Planning document argues Irish far right has an image problem and lays out a ‘nationwide strategy’ for success

A photo of John Waters, Niall McConnell, and Justin Barrett

In a planning document acquired by The Beacon it’s revealed that Ireland’s far right is already looking ahead to the next elections. Highlighted in the document is Sinn Féin’s success at the polls and the reasons for its electoral victory. It’s argued that the Irish far-right and nationalist movements “can learn from this”. 

As a result, it’s put forward that “a new nationwide strategy” should be created in order to achieve success. Part of this strategy includes amalgamation of the various far-right groups and the creation of local branches across the country in order to attract new members.

The publication of the document comes as none of the far-right candidates in the recent general elections managed to attract more than 2% of the vote. 

The Sinn Féin example

The document begins by taking note of Sinn Féin’s success in the recent general election. According to the author of the document, Sinn Féin had dozens of people to canvass in every constituency and were “well drilled on what to say”. What’s more, they were “trained in ‘people skills’” and “focussed [sic] on the key failures of the Fine Gael and Fianna Fail [sic] government”. 

On top of this, the party “exploited the anger and fears of the voters” by using its national structure to great effect “and this won the protest vote”. 

Networking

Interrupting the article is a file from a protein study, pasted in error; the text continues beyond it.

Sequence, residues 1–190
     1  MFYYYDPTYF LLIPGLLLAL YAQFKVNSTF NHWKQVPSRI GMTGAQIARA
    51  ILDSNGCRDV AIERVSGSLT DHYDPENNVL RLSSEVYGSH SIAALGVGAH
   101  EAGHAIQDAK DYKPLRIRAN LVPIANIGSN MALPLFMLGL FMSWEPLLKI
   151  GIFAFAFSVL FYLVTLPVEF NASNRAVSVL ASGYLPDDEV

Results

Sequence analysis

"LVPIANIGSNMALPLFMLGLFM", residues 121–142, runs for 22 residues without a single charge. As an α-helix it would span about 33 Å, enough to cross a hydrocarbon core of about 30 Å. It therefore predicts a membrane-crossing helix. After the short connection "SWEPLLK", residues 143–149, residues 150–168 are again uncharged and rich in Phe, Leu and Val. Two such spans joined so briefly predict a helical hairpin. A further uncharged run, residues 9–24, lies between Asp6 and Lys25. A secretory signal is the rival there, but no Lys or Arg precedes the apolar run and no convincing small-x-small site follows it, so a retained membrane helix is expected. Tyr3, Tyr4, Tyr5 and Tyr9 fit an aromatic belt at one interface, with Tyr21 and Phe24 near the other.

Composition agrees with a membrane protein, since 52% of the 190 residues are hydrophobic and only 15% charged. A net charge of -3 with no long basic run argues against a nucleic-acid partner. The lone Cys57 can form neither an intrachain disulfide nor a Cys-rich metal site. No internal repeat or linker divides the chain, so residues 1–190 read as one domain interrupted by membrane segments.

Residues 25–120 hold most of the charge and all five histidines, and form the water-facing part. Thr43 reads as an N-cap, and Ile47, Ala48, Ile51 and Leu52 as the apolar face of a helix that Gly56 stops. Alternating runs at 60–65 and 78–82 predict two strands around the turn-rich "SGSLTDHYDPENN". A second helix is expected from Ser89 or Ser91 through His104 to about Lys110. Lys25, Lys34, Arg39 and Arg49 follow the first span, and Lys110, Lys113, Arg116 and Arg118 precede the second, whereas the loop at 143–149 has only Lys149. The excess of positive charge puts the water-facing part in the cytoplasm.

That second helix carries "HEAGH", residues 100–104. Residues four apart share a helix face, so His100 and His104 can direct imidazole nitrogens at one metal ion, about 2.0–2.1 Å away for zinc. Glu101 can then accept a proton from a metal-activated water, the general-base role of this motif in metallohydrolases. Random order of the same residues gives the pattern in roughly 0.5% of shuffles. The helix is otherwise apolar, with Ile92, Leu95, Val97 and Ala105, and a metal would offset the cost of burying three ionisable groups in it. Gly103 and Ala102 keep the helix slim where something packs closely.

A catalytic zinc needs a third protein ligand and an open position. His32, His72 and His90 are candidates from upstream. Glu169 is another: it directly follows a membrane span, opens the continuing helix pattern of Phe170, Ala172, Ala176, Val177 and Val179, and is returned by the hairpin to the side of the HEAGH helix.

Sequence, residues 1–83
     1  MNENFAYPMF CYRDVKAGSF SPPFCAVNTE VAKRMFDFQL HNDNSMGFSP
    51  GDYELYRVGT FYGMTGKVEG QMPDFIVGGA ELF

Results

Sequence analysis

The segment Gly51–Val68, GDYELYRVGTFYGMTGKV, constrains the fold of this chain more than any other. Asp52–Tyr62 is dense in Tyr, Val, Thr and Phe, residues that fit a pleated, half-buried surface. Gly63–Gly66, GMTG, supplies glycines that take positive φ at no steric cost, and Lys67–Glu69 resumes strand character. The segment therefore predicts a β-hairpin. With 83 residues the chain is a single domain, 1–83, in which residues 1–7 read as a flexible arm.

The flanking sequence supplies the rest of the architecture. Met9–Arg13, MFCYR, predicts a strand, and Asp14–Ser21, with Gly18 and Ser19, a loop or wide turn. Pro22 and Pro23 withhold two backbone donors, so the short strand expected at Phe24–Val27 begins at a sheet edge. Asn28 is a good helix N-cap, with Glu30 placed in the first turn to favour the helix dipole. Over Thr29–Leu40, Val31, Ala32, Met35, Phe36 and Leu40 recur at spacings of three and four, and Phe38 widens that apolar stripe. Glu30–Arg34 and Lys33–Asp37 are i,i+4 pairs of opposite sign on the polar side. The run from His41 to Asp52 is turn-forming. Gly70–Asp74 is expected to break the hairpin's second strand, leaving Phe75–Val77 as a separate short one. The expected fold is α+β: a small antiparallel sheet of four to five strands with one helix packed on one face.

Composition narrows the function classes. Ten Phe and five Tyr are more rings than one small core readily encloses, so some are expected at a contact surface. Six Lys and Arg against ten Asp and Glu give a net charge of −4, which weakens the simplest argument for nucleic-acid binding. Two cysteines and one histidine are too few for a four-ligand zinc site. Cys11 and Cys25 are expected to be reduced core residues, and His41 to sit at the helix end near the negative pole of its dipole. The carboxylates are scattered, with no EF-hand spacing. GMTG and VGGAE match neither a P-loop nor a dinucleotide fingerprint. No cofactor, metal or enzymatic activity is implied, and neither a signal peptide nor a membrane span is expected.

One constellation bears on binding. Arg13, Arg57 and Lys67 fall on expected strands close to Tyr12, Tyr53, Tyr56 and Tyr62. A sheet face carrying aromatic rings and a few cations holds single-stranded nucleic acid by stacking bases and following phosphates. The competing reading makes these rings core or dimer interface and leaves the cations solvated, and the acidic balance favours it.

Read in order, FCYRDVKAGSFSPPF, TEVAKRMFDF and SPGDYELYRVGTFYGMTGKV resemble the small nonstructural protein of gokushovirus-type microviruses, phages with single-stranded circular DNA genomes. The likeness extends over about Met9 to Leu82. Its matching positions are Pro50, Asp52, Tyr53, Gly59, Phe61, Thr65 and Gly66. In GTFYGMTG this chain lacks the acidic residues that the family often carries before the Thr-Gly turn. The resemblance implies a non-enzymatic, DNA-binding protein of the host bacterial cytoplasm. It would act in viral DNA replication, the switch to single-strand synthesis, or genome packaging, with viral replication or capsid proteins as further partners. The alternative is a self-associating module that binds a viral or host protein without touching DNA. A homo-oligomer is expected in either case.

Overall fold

As a result, it’s pointed out that this can be replicated by the various far-right and nationalist parties across Ireland. It’s written that most voters, when canvassed, “had never heard about” these parties. Given this, “It is very naive” to assume people will vote for them. 

In order to combat this it’s proposed to “build up local networks” in the months and years before elections. Once this is done and it has been “buil[t] up with new members”, they should then

expand these local networks and link them to others, use that to win over the hearts and minds and the trust of voters. This establishes your credibility on a local level and national level. This wins both the protest votes and local issues related votes. 

These branches are to hold weekly meetings to organise and plan. Longer-term goals include holding public meetings “to inform the general public about us”.

Another long-term objective proposed is that activists “attend public demonstrations and big events”, as well as canvassing on university campuses, to “spread our message” and “win over young people”. And it’s stated that activists need to “use garda contacts and military contacts and civil service contacts strategically”.

Networking across the continent should also be of concern to far-right activists according to the document. It’s written that they should:

Link up with other nationalist parties in Europe and learn from them. Invite them over to Ireland for conferences and seminars. Visit them in their home countries. Use the tactics and strategies which worked for them. Stay in close contact with them over time. 

It’s hoped that this would “focus on unifying nationalists, the nationalist vote and the transfer vote during elections”. The goal is to stop “divisions and anger” between the various far-right groups from being created and which “must be avoided at all costs”.

Image concerns